Candidates for Cecil County executive and county council fielded rehearsed questions from the Cecil County Chamber of Commerce on Tuesday night, as well as a few impromptu ones from citizens.
However, the debate held at Elkton High School revealed few surprises.
Democratic county executive candidate Pam Howard challenged her opponent, Republican Tari Moore, while defining the role of a county executive, saying, “My opponent has not been able to gain a consensus on the board so far.”
“I think she’ll be an excellent councilperson,” Howard added.
If Moore loses the executive race, she would retain her commissioner seat, which will become a council seat when charter government takes effect Dec. 3.
“It’s not been for lack of trying,” Moore said in response to Howard’s charge that she hasn’t gained consensus on the board.
Moore, along with Commissioner Robert Hodge, has frequently butted heads with their three fellow commissioners, Jim Mullin, Diana Broomell and Michael Dunn.
Howard emphasized her ability to get along with everyone and promised to break the “gridlock” on the board.
Moore outlined four initiatives she’ll take on if she becomes county executive.
She promised to create a business advocate position to create incentives and work with businesses to create jobs in Cecil County, to continue a “war on drugs” through community-wide efforts, to continue protection of property rights and to continue fiscal responsibility in government.
Howard touted her 12 years as county treasurer as a solid background in county finances, budgeting and management. Meanwhile, Moore pointed to her stint as executive director of the county chamber, her leadership role in the 2002 Winter Olympics, owning her own business and several other positions as her training.
First district council candidate Alan McCarthy, a Republican, stressed he has no preconceived notions of government as he seeks public office.
“I want to give back to the community,” he said.
“As a council member, I’d communicate honestly and establish a respectful relationship with the county executive,” McCarthy added.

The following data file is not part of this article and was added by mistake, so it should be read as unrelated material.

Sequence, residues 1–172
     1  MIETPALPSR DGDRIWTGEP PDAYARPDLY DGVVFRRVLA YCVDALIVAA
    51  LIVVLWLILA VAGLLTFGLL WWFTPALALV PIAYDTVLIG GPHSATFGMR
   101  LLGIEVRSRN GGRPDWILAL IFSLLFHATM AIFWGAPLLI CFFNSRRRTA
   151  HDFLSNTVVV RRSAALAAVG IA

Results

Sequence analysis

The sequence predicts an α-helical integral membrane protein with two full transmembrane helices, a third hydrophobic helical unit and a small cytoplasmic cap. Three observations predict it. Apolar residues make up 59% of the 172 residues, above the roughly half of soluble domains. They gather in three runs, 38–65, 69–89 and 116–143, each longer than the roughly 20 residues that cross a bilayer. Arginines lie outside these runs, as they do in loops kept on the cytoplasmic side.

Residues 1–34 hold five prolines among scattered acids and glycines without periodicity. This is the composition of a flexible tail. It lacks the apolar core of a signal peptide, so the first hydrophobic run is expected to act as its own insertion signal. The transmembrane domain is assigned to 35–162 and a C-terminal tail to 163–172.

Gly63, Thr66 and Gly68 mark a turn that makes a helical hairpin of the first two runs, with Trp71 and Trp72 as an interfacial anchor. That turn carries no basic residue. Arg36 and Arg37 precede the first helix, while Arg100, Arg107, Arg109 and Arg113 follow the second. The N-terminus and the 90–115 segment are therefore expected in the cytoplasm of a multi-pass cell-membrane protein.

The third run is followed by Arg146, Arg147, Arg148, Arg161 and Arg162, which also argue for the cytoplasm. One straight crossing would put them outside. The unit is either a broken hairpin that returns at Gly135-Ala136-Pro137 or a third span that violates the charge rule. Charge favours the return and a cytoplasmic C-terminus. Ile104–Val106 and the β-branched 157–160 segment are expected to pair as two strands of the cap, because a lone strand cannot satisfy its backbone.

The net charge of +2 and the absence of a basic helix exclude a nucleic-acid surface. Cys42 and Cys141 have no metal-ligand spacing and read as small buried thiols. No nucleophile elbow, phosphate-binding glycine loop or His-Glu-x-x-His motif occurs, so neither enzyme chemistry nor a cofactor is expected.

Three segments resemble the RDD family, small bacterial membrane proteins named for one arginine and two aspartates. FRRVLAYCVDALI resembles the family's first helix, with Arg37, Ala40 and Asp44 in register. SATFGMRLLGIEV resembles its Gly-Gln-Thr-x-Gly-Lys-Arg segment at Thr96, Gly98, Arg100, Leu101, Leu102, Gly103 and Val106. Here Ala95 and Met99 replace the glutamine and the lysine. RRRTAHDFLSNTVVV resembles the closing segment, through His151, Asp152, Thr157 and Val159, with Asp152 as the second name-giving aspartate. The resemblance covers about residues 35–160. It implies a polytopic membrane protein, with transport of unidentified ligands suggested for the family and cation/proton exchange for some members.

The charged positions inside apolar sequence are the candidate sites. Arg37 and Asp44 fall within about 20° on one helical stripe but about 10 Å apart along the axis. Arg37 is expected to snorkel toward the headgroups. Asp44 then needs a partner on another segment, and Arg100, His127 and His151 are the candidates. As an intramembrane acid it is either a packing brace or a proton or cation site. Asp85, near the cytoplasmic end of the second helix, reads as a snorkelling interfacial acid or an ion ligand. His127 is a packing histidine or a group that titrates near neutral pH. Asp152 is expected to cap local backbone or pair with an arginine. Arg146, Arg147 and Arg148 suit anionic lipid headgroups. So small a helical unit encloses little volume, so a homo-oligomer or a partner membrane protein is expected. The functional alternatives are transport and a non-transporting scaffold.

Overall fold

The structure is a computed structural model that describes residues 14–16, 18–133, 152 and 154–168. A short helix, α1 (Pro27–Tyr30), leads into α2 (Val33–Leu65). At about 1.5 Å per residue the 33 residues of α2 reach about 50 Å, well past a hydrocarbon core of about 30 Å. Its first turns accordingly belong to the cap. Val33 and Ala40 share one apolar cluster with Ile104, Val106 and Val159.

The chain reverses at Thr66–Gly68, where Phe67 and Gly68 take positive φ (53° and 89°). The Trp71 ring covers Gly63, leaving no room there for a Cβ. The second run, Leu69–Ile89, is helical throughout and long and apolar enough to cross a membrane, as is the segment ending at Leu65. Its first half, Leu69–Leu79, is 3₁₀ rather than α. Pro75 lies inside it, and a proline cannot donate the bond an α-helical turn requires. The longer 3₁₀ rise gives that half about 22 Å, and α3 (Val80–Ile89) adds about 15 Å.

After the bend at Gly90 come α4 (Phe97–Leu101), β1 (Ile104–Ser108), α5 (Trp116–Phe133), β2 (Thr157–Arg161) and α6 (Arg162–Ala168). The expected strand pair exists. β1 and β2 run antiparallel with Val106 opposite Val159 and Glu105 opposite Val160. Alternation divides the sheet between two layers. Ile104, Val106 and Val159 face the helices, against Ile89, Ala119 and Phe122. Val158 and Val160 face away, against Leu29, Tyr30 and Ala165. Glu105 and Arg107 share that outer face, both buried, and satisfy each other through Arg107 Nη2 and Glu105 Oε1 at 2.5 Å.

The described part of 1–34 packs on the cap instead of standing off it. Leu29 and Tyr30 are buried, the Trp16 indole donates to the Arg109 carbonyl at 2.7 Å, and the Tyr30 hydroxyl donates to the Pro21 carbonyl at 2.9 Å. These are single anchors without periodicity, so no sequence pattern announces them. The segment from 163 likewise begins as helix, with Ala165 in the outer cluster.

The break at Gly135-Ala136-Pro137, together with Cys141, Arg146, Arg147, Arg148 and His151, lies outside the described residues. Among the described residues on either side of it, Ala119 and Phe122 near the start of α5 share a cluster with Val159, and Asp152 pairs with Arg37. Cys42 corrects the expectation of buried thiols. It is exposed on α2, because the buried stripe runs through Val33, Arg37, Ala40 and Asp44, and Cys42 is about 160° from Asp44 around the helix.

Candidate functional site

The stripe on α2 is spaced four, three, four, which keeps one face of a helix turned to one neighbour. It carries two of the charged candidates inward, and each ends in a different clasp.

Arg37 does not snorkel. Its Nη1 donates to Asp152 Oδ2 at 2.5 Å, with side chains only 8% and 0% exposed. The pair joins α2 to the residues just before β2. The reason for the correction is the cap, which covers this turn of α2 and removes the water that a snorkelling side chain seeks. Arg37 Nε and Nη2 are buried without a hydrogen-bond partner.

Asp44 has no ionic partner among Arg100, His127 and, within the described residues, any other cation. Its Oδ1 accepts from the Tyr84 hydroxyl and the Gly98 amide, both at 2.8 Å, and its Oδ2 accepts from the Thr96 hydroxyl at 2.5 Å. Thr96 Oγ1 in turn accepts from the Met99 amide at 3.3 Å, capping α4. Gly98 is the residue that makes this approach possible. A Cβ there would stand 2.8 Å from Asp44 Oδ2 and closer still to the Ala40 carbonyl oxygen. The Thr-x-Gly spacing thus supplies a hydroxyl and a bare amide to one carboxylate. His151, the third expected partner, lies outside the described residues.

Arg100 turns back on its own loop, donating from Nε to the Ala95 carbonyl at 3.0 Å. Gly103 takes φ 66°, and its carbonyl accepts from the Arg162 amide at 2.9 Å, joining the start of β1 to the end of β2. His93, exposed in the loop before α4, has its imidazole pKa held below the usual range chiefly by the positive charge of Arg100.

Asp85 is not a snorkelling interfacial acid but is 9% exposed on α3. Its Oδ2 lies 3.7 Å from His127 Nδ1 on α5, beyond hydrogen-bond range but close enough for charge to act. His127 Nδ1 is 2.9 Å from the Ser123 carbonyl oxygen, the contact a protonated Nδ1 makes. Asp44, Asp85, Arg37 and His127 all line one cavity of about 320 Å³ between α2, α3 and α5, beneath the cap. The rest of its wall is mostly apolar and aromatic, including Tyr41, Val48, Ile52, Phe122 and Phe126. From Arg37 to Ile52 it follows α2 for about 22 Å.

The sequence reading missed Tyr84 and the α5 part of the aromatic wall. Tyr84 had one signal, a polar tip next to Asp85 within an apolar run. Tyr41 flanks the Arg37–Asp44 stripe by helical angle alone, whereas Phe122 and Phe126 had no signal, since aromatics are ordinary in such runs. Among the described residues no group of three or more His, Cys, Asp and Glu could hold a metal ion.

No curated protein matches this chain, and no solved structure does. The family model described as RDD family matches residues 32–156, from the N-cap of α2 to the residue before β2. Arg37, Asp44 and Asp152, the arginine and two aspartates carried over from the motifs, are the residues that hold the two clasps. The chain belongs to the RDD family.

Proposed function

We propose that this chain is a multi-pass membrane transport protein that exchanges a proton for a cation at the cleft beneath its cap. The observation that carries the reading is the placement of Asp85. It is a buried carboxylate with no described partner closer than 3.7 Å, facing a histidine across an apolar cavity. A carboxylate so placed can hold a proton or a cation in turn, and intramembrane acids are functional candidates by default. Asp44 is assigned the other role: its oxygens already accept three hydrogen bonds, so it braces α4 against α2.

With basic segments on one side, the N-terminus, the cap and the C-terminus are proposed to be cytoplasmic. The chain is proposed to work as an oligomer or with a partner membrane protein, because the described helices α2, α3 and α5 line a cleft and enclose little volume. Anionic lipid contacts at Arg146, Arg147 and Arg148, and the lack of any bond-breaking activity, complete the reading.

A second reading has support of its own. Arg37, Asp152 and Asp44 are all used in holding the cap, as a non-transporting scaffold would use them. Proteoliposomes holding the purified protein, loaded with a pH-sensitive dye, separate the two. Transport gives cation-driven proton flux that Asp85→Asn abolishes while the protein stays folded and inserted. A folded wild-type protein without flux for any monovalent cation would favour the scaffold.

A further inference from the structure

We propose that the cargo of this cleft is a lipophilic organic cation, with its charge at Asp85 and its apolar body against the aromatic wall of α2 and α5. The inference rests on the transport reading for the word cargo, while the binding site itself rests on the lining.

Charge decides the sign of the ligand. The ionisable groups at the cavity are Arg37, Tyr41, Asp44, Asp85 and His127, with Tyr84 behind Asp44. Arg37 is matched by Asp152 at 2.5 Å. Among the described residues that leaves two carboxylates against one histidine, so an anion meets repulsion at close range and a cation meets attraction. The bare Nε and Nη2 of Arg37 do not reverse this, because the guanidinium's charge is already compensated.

His opponent, Democrat Pam Bailey, said the role of the council is legislative, and it’s extremely important to keep an open line of communication with the executive.
McCarthy said he would fund the budget by prioritizing necessary services, while Bailey said she favors a zero-based budget, vowing not to raise property taxes.
“I’ll restore responsible government, get utilities in the growth corridor, expand the commercial tax base, retain the rural character of Cecil County and work to curtail expenses, if elected,” said McCarthy.
Bailey vowed to be a “full-time council woman.”
“I’ll make home visits and site visits,” she said.
In the third and final debate of the night, Democratic challenger Jim Crouse faced off against Hodge, an incumbent Republican.
Crouse emphasized his experience in public and private positions he’s held during the past 40 years as vital preparation to be a county council member.
“We can’t continue to talk about what we need to do, we need action,” Crouse said.
Hodge, who has been a private business owner his entire adult life except for the last four years as he served as county commissioner, stressed his experience as well.
“We have a lot of challenges facing us and I’d like to help us meet those challenges,” Hodge said.
Hodge, who served his first two years with a mixed-party board and his last two years with an all-Republican board, stressed how important it is to represent all citizens in Cecil County.
“If we recognize what citizens want, I believe we can get things done,” he said.
Neither candidate would make any immediate changes to the county code. However, Crouse said he’d establish a revenue bond to help businesses create jobs.
“We need mutual trust with our county executive,” Hodge said. “I’ve seen too many commissioners who don’t trust anyone.”
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